Updated: Jul 15, 2021
My father gets loquacious when he recalls his days in Kuttanadu. His stories include the fun times with his friends in the waters that passed in front of his home, the small canoe boat rides he had with his peers, and the scenic beauty of rivers and canals filled with lotuses and water lilies on either side of the road. Source: Kerala Tourism
I too have a vague – but fond – childhood memory of these rivers, where my father taught my elder brother and I to swim with the help of plantain trunks.
Source: Kerala Tourism
Sadly, we can no longer relive these memories as Kuttanadu is no longer the same.
A World Created by Nature and Humans
Kuttanadu is the rice bowl of Kerala, lying in the heart of backwaters in the Alapuzha district, India. What sets it apart is its unique geography. At just 0.6-2 metres below sea level, Kuttanadu has the lowest altitude in India and water for agriculture needs to be pumped out and not into paddy fields.
What's more? Most of this distinctive geography is entirely man-made; similar to the Netherlands, Kuttanadu was created by reclaiming land from surrounding water bodies. It is understood that the land was drained by four rivers, making the region very fertile, which then attracted people from near and far to settle down here.
Despite frequent flooding, the land has benefitted many generations by creating employment, income, settlement, and sustenance through paddy farming.
Seeing the mass potential of this land, developers have tried to construct infrastructural stopgaps to avoid recurring floods and thereby increase profits from paddy production.
But many of these solutions have been poorly implemented - the creation of spillways, big bunds, and roadways, have led to water stagnation, pollution, waterweed overgrowth, water scarcity and a decline in fish and coconut industries amongst many others. Today, they continue to jeopardise the ecological balance in Kuttanadu.
The illegal developments happening here over the years have led to more reclamation of land, worsening the flooding in these areas. Now, the locals are facing back-to-back floods, with many losing the homes that they have built over their lifetime. Also, developments supported by state government have made people covert these paddy fields to nonagricultural lands. This poses a threat to the livelihoods of many as paddy cultivation is the main and sometimes only occupation of more than 80% of the population in Kuttanadu.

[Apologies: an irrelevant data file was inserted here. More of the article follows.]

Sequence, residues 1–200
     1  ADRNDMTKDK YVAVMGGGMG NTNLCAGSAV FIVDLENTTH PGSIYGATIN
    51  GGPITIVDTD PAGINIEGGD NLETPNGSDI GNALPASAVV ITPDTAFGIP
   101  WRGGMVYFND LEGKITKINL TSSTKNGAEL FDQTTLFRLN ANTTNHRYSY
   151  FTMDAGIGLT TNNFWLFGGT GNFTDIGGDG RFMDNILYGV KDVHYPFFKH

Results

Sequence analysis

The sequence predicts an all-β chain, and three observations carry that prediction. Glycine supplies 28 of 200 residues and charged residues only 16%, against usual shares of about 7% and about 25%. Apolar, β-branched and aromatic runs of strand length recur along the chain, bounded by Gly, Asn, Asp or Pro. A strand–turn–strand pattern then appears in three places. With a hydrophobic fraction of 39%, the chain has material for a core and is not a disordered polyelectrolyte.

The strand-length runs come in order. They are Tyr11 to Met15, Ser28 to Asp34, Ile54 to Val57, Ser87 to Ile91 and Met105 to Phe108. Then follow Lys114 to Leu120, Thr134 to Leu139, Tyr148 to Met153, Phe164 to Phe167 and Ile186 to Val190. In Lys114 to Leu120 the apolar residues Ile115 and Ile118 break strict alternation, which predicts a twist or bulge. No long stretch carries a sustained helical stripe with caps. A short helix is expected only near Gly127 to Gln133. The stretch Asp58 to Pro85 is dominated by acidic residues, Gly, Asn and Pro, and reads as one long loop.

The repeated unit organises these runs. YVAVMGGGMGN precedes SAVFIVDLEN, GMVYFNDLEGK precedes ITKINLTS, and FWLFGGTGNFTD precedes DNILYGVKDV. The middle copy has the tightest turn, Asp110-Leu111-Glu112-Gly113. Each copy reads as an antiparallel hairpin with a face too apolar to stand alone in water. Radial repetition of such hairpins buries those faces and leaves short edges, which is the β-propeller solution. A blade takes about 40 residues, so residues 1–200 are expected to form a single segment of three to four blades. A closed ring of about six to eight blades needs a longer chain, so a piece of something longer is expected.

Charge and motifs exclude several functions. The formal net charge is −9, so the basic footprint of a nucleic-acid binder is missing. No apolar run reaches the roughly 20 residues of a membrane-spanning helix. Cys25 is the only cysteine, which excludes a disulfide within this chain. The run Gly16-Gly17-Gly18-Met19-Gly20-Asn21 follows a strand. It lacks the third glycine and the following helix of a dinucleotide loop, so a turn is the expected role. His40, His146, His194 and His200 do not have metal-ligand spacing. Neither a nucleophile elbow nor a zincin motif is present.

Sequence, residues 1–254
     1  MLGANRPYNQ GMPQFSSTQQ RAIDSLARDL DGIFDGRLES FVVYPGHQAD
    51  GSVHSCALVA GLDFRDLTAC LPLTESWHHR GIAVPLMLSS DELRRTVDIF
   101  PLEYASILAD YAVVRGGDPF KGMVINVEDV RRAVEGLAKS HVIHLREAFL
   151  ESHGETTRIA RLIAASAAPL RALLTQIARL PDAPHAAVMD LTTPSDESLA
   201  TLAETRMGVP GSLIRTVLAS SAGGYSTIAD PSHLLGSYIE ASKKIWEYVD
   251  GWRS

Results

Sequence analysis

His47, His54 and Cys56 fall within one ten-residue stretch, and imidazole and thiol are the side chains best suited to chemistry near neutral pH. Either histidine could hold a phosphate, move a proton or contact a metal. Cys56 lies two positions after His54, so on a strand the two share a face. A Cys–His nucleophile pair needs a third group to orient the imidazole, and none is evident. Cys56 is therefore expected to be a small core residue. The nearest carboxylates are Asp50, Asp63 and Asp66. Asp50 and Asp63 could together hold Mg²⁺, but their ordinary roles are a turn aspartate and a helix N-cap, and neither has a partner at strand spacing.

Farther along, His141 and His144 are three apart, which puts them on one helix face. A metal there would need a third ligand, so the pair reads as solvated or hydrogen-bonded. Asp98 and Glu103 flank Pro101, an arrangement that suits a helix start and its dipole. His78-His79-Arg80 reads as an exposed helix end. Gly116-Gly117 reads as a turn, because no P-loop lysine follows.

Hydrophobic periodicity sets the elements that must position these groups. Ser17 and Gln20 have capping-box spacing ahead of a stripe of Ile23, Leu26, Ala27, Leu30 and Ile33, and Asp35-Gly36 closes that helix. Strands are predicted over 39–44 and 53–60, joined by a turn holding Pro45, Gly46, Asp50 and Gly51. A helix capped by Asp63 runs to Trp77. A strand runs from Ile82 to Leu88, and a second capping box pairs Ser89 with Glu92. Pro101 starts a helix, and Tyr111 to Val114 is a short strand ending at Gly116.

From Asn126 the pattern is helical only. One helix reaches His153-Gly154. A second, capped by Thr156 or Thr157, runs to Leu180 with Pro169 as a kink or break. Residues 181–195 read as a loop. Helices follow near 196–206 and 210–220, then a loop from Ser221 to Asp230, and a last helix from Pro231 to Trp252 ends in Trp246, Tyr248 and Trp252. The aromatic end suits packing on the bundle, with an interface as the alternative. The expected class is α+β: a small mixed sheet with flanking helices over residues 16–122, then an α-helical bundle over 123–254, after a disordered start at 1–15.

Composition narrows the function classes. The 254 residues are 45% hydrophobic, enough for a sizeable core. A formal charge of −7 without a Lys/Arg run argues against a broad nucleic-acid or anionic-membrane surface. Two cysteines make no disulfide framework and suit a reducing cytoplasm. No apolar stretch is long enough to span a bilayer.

These new land reclamations are engulfing not just the paddy fields, waterbodies, and the wetlands, but also the rich history of the area. The myths and folklore that connected inhabitants to the region are getting erased. The ‘face' of Kuttanadu is being transformed, altering the reputation of the Kuttanadu as the ‘Rice Bowl of Kerala’ or the ‘Granary of Keralam’.
Growing Development, Growing Pains
The remoteness of Kuttanadu’s geography helped make the agriculture community independent and self-sufficient in the past. One key development was the Green Revolution in the 1960s, where organic cultivation methods like fertilisers were replaced by chemical pesticides. Such modern methods of ‘scientific’ agriculture took Kuttanadu by storm. Subsidies on the high-yielding variety seeds, chemical fertilisers and pesticides quickly pushed traditional seeds and organic manure out of the markets.
Sure, the country grew its rice exports, but it soon saw an increase in ecological problems too.
The intensive usage of chemicals has led crops and pests to be immune, creating an endless cycle where the people of Kuttanadu are becoming more dependent on these high-end methods of cultivation. Over time, the new techniques have led to ecological degradation which in turn creates unhealthy living conditions.
This also has health implications. A survey conducted by India’s Ministry of Chemicals and Fertilisers, in 2016-2017 showed that Kerala occupied the fourth place in per hectare consumption of pesticides.
Source: The Indian Express
The consistent use of these chemicals has considerably deteriorated the fertility of the soil, necessitating more and more application of chemicals, perpetuating this toxic cycle of reliance. The study noted that 40% of the chemical pesticides used in the area had the tendency to accumulate in organisms and become more concentrated as they pass through the food chain. The study also confirmed the use of banned products such as endosulfan in Kuttanadu’s paddy fields. According to the same study, such residues may lead to the contamination of the food chain or chemicals polluting the soil, mixing with the runoff water, and affecting the adjacent water bodies or ground water.
Source: The News Minute
The story of Kuttanadu is a constant reminder that our development should always be in a balanced environment, in which the exploitation of resources, direction of investments, orientation of technological development, and institutional change are all in harmony with the environment we are in.
Today, Kuttanadu is facing another flood, this time, it is one that may make a positive impact: People of the region are flooding social media with the "Save Kuttanadu" campaign in an attempt to highlight their woes and worries, hopefully reaching authorities or people in power. This is a call for help.
Let us stand with them in support by sharing their story using the hashtag #SaveKuttanadu.